Wednesday, September 24, 2014

Row over ambulance response times

The Welsh Liberal Democrats have said that the Welsh ambulance services are “in crisis” as figures published today show yet another decline in ambulance response times, despite pledges by the Welsh Labour Health Minister to improve the service in three months.
The figures show that 56.9% of emergency responses to Category A (immediately life-threatening) ambulance calls arrived at the scene within the target time of 8 minutes – down from 58.3% in July 2014 and down from 61.8% in August 2013 – and well below the target of 65%. In England and Scotland the same target is 75%.
Kirsty Williams AM, Leader of the Welsh Liberal Democrats, said: “Labour’s Health Minister pleaded to be given three months to improve these terrible ambulance response times. Three months later, and ambulance response times are worsening again. How much more time do Labour Ministers need before they’ll admit that they just can’t run our health service?
“These figures are unacceptable. To have only half of immediately life-threatening calls responded to within the 8 minute target time is absolutely unacceptable, and are the mark of an ambulance service in crisis.
“With so many problems like stroke and heart attacks, time is absolutely crucial in ensuring the best possible recovery. By failing to buck up on poor ambulance response times, the Welsh Labour Government is draining our NHS by spending money on treatments that could otherwise be avoided.
“The Welsh Labour Government’s own target is unambitious and is considerably lower than the equivalent targets in England and Scotland, yet it is still routinely missed.
“Ambulance staff work incredibly hard and do an extremely difficult job, but even they privately admit that they’re not being given the resources they need to serve the people of Wales. The threats of a strike show how they are at the end of their tether. The Welsh Labour Government ran out of second chances long ago – we need to see improvement now, as it’s the people of Wales that are suffering under Labour’s watch.”

Mike Collins, Director of Service Delivery at the Welsh Ambulance Service, said: “The service took 36,101 calls during August, up by 494 calls from the same period last year but down by 1,971 calls from the previous month. Of these calls, 14,067 were assessed and categorised as serious and immediately life-threatening.

“Since April the Trust has recruited 79 extra staff into its workforce across Wales, including 21 Paramedics, nine of whom went operational in July and 12 of whom went operational on Monday, plus 12 HEI (Higher Education Institute) Paramedics who are expected to be operational from December. The Trust has also recruited 46 staff into its Urgent Care Service, all of whom will be operational in mid November.

“In addition, a further 21 Paramedics will be appointed in the coming weeks and are expected to be operational by February, and 48 Emergency Medical Technicians will also be officially appointed, some of whom will be operational by December and the remainder by next April. We anticipate that these extra staff will help us to improve our performance and provide a first rate ambulance service for the people of Wales.

“August was the month in which we launched a brand new initiative which allows low acuity patients to access alternative transport to hospital if indeed a hospital visit is required, rather than travel by Emergency Ambulance. The aim is to ensure our emergency crews and vehicles are more readily available to attend immediately life-threatening calls. Since its launch, more than 40 patients who were deemed clinically safe and suitable have travelled to hospital by a taxi in some parts of Wales.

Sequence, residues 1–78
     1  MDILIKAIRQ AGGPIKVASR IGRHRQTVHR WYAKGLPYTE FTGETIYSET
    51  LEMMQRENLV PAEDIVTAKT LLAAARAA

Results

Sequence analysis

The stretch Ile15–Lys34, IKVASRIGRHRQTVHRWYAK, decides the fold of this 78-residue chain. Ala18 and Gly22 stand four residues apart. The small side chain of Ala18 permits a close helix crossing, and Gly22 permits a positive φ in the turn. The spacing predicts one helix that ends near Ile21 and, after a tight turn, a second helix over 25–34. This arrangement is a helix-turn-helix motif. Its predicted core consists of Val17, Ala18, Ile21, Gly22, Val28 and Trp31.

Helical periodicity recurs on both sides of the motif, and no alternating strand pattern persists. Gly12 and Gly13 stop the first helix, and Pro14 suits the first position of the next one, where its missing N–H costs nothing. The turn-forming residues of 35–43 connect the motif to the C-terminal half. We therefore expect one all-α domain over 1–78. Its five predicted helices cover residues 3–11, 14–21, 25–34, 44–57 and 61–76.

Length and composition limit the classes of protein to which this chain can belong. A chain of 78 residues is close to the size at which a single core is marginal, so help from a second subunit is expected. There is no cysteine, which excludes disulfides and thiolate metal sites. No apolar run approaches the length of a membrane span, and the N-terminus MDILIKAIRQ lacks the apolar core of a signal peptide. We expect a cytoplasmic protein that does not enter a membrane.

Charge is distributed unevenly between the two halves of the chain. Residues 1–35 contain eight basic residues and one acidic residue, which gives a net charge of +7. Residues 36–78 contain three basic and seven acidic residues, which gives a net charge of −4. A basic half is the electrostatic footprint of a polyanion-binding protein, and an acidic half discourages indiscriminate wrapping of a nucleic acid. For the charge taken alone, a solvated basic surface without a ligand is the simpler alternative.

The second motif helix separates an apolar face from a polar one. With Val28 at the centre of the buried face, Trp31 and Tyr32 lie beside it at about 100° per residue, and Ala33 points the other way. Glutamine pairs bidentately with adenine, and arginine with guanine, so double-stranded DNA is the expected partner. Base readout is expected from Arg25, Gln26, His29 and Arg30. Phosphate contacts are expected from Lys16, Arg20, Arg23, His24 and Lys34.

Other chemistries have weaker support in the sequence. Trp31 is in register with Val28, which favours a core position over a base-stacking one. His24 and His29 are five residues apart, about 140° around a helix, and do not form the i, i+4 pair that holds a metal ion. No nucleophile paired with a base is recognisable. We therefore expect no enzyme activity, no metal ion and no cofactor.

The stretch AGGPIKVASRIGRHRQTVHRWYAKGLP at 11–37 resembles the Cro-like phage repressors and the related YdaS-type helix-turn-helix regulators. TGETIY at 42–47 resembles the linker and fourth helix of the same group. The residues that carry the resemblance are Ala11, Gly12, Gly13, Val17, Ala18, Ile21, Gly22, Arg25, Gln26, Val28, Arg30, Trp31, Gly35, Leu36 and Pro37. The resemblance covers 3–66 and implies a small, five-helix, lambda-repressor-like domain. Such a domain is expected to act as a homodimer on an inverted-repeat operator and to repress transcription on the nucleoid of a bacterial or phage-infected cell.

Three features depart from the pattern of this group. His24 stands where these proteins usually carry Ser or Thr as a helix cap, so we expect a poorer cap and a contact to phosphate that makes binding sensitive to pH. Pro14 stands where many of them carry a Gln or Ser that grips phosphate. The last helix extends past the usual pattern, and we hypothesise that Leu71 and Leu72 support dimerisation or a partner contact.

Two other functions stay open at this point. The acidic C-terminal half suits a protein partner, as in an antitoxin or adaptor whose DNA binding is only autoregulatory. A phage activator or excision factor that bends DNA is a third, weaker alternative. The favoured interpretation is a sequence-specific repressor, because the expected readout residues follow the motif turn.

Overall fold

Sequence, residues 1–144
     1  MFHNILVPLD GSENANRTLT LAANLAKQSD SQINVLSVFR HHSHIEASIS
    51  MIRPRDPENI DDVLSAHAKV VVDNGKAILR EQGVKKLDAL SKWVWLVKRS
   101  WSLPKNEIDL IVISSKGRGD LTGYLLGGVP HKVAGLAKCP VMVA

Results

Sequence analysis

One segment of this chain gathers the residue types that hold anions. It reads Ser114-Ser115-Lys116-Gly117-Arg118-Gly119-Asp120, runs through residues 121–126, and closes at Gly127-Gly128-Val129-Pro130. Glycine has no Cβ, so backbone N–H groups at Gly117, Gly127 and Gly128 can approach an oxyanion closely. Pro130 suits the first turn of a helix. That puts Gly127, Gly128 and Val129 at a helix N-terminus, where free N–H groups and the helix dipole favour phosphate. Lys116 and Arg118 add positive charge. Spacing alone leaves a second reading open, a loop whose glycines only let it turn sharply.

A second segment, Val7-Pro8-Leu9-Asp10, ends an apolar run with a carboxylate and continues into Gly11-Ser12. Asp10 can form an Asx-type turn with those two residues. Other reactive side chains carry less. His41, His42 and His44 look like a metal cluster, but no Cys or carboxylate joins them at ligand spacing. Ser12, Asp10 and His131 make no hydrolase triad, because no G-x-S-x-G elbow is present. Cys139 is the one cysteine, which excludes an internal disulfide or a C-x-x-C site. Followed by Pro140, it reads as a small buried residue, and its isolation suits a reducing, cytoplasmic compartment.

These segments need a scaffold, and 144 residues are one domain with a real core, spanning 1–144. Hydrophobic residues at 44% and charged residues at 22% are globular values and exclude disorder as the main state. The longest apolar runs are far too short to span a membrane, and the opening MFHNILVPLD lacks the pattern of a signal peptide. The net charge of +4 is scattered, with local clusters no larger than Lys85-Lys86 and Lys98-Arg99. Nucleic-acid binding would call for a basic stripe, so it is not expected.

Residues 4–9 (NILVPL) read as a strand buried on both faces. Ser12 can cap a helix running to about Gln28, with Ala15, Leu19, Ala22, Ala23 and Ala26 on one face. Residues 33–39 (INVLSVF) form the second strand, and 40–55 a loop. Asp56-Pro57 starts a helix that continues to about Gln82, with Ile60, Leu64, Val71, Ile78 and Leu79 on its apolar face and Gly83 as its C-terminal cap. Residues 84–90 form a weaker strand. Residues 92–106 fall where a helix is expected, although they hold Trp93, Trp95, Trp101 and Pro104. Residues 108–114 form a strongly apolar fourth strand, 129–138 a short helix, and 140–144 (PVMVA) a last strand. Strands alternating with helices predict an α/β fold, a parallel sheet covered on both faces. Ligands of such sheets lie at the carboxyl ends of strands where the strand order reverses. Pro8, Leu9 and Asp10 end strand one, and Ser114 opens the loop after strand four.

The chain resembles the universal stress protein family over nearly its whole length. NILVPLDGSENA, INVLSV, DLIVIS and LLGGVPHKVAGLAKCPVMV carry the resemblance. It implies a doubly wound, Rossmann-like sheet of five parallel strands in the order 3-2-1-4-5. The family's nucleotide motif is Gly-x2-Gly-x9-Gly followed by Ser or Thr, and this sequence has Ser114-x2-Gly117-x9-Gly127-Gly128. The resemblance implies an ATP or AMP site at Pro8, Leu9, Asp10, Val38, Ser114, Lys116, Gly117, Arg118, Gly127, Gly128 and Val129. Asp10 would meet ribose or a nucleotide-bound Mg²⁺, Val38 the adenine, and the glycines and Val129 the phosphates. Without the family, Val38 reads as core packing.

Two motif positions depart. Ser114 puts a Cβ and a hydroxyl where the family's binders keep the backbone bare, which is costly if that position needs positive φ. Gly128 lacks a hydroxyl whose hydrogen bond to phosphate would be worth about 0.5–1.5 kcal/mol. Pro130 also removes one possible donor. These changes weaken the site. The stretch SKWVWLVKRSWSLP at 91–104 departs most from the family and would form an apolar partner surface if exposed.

“The Trust is continuing to use other methods of care where possible to reduce unnecessary hospital admissions including Alternative Care Pathways, a system designed to support care closer to patients’ homes. Instead of taking them to hospital, Paramedics can refer patients to their GP or an identified community team using a 24/7 internal telephone service operated by our care coordination staff. More than 5,900 patients have been referred on these Alternative Care Pathways since the scheme launched in September 2012.

“Advanced Paramedic Practitioners also provide a wider range of specialist healthcare at the scene of an incident or at a patient’s home. In addition, the Trust supports the discharge and transfer of patients out-of-hours to release beds in hospitals which, in turn, supports the improvement of patient flow in the emergency departments.

“Resolving handover delays remains our top priority and we are working with all Local Health Boards in Wales to minimise these where possible. Over the summer months we have increased our use of HALOs (Hospital Ambulance Liaison Officers), clinicians and non-clinicians employed by the Trust to ensure individual handover delays are escalated to senior managers at all affected hospitals and that plans are in place to ensure delays are minimised.

“The emergency healthcare system across Wales is under significant pressure and demand for our service remains very high. We recognise that on occasion we fall short of the eight-minute target but are working as hard as we possibly can to get to patients as quickly as possible.

“Once again we urge the public to ‘Choose Well’ and use NHS services appropriately; NHS Direct Wales, out-of-hour GP services and pharmacies are all available for healthcare and advice for minor illnesses and injuries. Please remember only to dial 999 if someone is seriously ill or injured, or their life is at risk.”

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